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posted 12/11/01

International Scientists and Experts Convene at Columbia University's Biosphere 2 Center
Key Earth Systems Issues To Be Debated at Conference, Dec. 14 to 18 Will Evaluate the Biosphere 2 Laboratory as Potential Multi-User Facility

TUCSON, AZ. - Top scientists from universities, international research institutions and the U.S. Department of Energy Laboratories, will gather this week with leaders of national and international programs in integrative climate change science at Columbia University's Biosphere 2 Center to debate key Earth systems issues and evaluate the Biosphere 2 Laboratory as an inclusive multi-user facility, it was announced today by Biosphere 2 Center President and Executive Director Dr. Barry Osmond.

The series of meetings and workshops is scheduled to take place on December 14 - 18, 2001 at the Biosphere 2 Center, located outside of Tucson, near Oracle, AZ. The United States Department of Energy (DOE) and the Columbia Earth Institute of Columbia University, which manages Biosphere 2 Center, are the event sponsors.

In January 2001, Columbia University and DOE agreed to establish a framework for evaluating the potential of the Biosphere 2 Laboratory as a multi-user facility for earth system science, engineering and education.

Conferees attending the B2C/DOE meeting will include Biosphere 2's owner Edward P. Bass, who will open the meeting, as well as prominent international scientists, leading thinkers in the areas of ecosystem ecology, earth system science, ecological and earth system modeling, physiological ecology and biogeochemistry. Attendees include: Michael Crow, Executive Vice Provost, Columbia Earth Institute, Columbia, N.Y.; Riccardo Valentini, Director, CarboEurope and Euroflux Networks, Italy; Joe Berry, Carnegie Institution of Washington, Stanford, CA.; Klaus Lackner, Earth and Environmental Engineering, Columbia; Ernst-Detlef Schulze, Max Planck Institute for Biogeochemistry, Germany; Jerry Elwood and Jeffrey Amthor, program leaders, Department of Energy's Environmental Sciences Division; Seiichi Matsuo, Research Institute of Innovative Technology for the Earth (RITE), Kyoto, Japan; Manvendra Dubey, Los Alamos National Laboratory, Los Alamos, NM.; Valery Kudeyarov, Director, Institute for Physicochemical and Biological Problems in Soil Science, Russian Academy of Science, Moscow; Brent Clothier, The Horticulture and Food Research Institute of New Zealand; Uli Schurr, German Federal Research Institute; Ian Noble, Cooperative Research Center for Greenhouse Gas Accounting, Australia; Akiho Yokota, Nara Institute for Science and Technology, Japan; and Dan Yakir, Weizmann Institute of Science, Israel.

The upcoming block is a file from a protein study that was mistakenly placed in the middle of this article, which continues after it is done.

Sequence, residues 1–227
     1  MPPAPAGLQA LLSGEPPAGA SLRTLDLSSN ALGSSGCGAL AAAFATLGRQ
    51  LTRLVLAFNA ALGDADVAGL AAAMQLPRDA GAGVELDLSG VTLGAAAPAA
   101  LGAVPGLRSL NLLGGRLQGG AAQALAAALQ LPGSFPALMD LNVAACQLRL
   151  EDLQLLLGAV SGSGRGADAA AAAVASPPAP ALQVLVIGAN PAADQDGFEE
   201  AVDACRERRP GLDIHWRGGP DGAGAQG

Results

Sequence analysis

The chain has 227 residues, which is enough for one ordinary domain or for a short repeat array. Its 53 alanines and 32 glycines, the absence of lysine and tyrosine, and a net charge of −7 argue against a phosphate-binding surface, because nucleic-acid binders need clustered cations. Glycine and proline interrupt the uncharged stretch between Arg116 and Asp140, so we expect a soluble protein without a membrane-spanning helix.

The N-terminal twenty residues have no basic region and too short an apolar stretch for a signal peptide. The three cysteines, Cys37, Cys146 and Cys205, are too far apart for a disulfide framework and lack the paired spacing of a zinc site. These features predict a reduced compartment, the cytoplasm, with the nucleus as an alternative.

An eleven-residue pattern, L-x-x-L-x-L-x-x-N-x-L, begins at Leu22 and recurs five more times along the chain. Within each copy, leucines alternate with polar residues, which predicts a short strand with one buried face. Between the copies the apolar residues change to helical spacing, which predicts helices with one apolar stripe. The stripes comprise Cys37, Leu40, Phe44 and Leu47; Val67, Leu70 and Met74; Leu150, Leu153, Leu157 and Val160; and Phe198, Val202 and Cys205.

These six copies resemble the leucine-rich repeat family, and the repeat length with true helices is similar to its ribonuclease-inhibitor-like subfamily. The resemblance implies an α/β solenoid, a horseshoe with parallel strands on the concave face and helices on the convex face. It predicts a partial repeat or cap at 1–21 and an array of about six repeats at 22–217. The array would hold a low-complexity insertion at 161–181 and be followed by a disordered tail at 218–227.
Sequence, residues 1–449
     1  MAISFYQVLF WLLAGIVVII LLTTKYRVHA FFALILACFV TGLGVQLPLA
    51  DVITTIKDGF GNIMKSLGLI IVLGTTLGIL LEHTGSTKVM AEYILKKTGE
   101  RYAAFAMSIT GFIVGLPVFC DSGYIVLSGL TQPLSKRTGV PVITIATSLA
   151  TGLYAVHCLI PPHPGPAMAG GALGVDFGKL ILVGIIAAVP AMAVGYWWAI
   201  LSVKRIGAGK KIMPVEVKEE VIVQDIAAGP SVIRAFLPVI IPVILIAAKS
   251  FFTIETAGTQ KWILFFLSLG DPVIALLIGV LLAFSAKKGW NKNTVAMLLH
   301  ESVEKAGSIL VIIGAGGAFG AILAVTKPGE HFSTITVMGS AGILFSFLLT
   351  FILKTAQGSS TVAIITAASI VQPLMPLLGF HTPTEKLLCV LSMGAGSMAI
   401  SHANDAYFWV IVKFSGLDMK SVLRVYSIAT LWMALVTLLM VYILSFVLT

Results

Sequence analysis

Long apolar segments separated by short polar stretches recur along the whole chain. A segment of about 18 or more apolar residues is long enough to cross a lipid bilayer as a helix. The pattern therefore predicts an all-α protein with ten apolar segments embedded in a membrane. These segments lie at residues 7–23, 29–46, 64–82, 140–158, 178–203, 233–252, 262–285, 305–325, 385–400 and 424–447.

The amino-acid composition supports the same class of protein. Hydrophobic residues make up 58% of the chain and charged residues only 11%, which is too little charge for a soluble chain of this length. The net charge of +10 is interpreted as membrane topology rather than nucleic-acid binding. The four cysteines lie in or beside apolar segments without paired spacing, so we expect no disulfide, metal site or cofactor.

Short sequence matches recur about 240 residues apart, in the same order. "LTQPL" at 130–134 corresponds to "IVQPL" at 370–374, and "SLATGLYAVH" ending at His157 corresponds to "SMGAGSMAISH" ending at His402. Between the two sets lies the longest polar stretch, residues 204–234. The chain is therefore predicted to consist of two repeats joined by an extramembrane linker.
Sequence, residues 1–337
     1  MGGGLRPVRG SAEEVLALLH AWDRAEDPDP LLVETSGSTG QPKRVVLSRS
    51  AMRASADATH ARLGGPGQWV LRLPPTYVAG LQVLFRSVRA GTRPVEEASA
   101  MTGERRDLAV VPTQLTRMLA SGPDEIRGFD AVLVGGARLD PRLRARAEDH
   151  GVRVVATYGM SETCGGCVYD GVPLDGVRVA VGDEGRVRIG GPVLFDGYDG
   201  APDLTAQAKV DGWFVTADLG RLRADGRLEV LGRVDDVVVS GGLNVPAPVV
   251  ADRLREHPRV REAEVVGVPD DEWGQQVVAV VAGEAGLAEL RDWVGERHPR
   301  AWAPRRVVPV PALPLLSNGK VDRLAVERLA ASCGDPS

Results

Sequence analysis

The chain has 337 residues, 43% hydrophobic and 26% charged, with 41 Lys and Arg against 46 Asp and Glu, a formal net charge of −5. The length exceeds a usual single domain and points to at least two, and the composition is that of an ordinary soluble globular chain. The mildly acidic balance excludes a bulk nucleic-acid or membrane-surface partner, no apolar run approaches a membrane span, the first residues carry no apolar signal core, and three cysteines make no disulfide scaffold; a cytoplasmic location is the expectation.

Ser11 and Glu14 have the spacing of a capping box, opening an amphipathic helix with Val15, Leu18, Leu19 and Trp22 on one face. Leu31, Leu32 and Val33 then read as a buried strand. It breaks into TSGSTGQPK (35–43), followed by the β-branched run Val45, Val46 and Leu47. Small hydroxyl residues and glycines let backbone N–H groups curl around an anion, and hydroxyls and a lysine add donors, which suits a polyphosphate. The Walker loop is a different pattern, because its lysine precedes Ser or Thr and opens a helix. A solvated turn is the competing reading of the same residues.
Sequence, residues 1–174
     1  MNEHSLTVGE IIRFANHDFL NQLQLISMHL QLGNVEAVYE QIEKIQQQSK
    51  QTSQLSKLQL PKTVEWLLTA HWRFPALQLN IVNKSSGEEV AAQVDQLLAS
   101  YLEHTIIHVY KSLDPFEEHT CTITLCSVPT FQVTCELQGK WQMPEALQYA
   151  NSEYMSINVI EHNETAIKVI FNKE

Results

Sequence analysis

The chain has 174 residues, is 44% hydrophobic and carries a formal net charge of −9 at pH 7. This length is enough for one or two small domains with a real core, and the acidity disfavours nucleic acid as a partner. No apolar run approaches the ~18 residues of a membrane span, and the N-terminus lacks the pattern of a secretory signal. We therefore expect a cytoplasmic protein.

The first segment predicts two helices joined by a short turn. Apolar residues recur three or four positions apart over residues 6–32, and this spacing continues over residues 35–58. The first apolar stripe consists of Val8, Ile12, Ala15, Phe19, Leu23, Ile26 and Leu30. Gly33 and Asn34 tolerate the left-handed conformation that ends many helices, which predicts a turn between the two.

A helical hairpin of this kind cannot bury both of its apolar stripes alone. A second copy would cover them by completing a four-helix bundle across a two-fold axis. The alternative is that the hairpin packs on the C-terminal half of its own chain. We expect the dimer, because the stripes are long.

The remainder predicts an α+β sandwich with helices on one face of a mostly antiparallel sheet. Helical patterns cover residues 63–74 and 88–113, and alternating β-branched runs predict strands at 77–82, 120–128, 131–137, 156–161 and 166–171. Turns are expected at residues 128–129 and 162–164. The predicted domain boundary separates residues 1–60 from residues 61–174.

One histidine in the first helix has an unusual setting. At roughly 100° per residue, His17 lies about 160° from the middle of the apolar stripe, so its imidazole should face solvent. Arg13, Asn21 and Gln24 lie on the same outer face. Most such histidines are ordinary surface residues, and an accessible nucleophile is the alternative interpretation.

Following the conference, a report will be submitted to the Department of Energy regarding the suitability of the Biosphere 2 Laboratory as a facility for the study of earth system science. In addition, the conference will generate several scientific papers for future publication.